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Name That Rock

Posted by jekeesl Central AR 7b (My Page) on
Sun, Apr 7, 13 at 21:30

We have areas here with multi-colored rock as shown. Those sites often have pretty unusual wildflowers, so I often wonder what type of rock it is. It's often mixed with sandstone, and is sometimes seen around shale outcrops, but the ones I'm most curious about are multicolored, in shades of blue, yellow, orange, and tan. Those rocks are usually in small to medium pieces less than 2 inches thick.

 photo 099.jpg


Follow-Up Postings:

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RE: Name That Rock

many wildflowers.. thrive in soil with SHARP drainage ...

and the best sharp drained soil.. is rocky ....

in the mountains.. its called scree .... and the wildflowers love it .. see link ..

i too would like to know the rock.. but i doubt the rock itself is the key.. its the drainage of the soil ..

ken

Here is a link that might be useful: link


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RE: Name That Rock

It is beautiful. Is the rock soft like shale? Shale can come in other colors depending upon what other minerals are present.

Either way, if you look for geological resources for Arkansas, you should be able to find some suggestions as to what it might be given the location. I linked in one that I found. A local geologist could also tell you. Look for a local rock and mineral club, museum, or college for leads to a local rock expert.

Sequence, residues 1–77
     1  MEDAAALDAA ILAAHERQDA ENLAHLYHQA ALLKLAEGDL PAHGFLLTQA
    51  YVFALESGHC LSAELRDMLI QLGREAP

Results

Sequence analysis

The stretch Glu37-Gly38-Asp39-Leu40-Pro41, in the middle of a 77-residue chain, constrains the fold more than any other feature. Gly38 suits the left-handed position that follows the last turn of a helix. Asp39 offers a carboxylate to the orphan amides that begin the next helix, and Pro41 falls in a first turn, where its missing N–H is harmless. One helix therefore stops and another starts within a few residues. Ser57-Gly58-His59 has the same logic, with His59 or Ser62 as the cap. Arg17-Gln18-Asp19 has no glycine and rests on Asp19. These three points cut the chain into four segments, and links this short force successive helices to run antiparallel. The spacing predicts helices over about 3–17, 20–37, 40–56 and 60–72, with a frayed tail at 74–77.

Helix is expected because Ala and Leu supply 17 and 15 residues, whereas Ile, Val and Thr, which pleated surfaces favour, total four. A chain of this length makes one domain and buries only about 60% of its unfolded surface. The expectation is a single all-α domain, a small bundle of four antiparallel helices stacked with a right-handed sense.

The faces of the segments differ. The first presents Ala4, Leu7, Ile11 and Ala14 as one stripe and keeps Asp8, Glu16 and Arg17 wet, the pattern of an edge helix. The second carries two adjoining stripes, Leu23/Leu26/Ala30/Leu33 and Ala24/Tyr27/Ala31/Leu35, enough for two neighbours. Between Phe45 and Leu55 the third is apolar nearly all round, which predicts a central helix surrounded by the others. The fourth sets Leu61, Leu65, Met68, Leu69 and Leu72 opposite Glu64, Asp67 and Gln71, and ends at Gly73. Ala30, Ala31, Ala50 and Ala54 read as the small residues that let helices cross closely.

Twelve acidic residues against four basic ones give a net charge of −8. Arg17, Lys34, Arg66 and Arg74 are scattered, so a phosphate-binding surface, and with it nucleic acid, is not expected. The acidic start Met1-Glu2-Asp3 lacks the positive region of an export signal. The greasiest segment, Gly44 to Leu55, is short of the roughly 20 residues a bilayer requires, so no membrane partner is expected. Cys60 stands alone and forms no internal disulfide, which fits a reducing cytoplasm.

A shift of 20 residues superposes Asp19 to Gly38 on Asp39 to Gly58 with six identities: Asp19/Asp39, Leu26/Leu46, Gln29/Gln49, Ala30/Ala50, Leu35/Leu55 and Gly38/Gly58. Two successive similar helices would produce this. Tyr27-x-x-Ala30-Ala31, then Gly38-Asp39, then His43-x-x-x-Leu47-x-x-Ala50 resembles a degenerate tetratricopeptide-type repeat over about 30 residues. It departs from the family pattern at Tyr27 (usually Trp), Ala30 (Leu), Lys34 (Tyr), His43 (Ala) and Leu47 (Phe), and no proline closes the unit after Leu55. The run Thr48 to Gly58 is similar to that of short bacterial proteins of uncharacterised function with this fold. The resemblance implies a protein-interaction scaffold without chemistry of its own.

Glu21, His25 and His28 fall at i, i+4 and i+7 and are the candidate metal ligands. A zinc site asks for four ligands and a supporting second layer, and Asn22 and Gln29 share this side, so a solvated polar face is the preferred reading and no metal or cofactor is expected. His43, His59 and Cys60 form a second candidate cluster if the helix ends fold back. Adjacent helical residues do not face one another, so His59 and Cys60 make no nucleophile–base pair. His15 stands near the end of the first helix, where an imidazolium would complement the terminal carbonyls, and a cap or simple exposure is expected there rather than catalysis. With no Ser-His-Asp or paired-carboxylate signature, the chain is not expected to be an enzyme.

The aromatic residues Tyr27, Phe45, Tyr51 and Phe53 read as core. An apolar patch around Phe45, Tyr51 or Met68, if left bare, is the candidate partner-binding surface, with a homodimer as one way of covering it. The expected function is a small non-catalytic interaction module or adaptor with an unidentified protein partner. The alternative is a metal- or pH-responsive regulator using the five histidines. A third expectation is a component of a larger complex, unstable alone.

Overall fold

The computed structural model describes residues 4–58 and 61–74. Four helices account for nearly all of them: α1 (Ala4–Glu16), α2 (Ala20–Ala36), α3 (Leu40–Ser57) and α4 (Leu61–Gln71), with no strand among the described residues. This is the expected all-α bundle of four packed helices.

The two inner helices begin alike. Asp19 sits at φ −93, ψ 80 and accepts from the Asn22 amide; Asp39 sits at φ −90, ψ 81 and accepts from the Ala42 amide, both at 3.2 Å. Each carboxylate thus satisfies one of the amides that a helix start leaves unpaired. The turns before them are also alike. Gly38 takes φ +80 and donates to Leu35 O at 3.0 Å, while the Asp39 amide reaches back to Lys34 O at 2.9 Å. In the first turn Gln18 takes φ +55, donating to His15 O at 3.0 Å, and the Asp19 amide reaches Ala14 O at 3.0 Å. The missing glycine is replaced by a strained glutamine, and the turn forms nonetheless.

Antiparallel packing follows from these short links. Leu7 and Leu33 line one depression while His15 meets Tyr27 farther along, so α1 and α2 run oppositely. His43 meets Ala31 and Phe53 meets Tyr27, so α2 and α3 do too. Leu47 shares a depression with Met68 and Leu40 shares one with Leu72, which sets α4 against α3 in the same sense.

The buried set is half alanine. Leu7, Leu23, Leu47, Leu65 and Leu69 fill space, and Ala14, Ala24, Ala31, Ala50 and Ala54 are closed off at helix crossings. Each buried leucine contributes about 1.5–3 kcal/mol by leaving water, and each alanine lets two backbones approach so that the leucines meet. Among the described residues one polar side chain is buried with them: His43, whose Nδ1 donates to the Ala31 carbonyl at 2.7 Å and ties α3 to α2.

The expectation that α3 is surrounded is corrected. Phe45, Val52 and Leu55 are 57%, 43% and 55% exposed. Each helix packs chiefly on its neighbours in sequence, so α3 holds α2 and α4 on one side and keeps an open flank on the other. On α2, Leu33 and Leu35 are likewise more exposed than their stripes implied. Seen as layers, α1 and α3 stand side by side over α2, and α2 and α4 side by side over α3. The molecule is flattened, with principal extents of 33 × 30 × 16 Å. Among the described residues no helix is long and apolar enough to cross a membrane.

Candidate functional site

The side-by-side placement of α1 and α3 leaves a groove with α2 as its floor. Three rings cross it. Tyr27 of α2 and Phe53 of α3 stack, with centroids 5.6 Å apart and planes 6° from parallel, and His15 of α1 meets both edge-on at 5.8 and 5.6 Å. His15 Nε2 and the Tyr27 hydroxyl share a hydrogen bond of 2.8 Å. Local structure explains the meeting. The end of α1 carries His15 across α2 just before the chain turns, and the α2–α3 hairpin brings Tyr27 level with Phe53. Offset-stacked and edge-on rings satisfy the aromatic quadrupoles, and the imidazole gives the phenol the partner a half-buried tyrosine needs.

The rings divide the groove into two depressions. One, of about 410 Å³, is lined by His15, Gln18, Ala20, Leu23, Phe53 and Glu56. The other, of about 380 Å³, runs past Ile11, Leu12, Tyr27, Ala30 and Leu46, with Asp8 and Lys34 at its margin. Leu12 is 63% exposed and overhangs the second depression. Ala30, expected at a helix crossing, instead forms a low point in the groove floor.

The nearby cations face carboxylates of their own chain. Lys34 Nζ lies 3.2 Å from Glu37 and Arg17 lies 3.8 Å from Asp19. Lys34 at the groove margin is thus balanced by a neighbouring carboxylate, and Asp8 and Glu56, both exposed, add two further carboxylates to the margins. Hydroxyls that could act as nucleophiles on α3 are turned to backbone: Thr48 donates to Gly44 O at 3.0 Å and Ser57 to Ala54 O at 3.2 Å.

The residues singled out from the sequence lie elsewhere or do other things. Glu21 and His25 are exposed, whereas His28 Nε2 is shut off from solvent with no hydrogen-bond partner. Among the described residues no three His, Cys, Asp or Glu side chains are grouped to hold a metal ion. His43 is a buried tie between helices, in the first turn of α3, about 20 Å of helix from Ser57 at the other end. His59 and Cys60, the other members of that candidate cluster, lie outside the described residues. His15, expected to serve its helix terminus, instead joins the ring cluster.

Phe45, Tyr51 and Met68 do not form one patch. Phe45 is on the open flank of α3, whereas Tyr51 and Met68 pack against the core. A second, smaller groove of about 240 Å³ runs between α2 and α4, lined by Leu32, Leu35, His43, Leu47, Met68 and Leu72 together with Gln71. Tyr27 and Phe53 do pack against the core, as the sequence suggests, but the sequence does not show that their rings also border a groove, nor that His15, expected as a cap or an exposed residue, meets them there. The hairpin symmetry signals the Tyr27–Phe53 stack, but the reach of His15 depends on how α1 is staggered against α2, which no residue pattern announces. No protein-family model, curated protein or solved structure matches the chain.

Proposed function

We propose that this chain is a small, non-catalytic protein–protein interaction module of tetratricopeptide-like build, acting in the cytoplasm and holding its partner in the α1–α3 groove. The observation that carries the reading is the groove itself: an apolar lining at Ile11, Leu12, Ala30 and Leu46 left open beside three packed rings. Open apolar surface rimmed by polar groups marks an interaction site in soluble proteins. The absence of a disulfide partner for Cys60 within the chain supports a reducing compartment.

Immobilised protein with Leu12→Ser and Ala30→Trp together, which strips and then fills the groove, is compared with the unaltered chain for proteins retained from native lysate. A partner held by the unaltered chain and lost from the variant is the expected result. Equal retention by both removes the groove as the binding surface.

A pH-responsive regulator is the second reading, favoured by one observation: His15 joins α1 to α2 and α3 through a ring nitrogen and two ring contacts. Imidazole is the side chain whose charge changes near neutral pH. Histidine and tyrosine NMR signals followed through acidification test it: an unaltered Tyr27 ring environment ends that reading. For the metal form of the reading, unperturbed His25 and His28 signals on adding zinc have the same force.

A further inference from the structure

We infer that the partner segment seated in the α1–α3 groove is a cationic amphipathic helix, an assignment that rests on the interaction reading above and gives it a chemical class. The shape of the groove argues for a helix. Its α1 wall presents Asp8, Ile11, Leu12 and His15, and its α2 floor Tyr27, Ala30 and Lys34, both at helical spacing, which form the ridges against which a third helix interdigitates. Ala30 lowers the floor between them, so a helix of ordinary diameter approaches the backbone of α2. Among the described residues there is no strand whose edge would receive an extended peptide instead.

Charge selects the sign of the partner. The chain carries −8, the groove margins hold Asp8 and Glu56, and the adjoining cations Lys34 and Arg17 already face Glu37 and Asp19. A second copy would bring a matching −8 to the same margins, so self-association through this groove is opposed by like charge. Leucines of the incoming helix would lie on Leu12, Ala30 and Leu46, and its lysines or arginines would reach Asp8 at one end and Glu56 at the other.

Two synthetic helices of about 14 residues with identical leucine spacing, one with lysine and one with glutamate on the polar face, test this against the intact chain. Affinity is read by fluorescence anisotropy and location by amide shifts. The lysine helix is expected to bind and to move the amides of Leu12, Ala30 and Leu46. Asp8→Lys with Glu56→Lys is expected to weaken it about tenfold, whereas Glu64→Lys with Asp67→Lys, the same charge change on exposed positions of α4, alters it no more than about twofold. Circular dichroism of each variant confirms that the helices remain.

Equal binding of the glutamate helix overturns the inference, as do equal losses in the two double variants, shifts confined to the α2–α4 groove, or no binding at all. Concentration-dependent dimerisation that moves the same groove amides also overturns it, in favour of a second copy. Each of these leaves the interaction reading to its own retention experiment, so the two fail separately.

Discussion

FataMorgana

Here is a link that might be useful: Arkansas Geology


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RE: Name That Rock

at my link.. down the page..a big black block for some cave.. the next pic.. looks similar...

ken


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RE: Name That Rock

Looks like petrified wood


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RE: Name That Rock

Thanks for the link and suggestions fatmorgana. It took me a while to follow up. Those multicolored rocks are, as you suggested, shale. They're probably from the Womble formation, sometimes dense in coverage and mixed in with localized pockets of embedded limestone. The resultant shale barrens are inhospitable to most introduced species, and often host wildflowers that are unknown outside of Arkansas.


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RE: Name That Rock

Very cool. Thanks for the follow up. It is always nice to know what people have found out. When I was a little kid I waffled between being a geologist and an archaeologist - neither happened but I have retained a healthy love for both and enjoyed the follow up.

By the way, our shale here is a very dull, grey color but it is loaded with fossils - trilobites, corals, shells, and more. The rock is so soft you can often work the fossils loose with your fingers.

FataMorgana

Our local shale:

A fossil (brachiopod) that popped loose of the shale boulder above with just fingers:


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